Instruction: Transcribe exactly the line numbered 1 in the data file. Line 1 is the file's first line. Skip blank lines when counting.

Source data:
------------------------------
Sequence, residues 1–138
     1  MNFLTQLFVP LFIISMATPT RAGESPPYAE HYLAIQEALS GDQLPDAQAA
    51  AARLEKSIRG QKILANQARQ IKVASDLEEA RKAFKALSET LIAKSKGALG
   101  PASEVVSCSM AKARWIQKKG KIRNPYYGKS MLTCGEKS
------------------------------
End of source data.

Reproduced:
Sequence, residues 1–138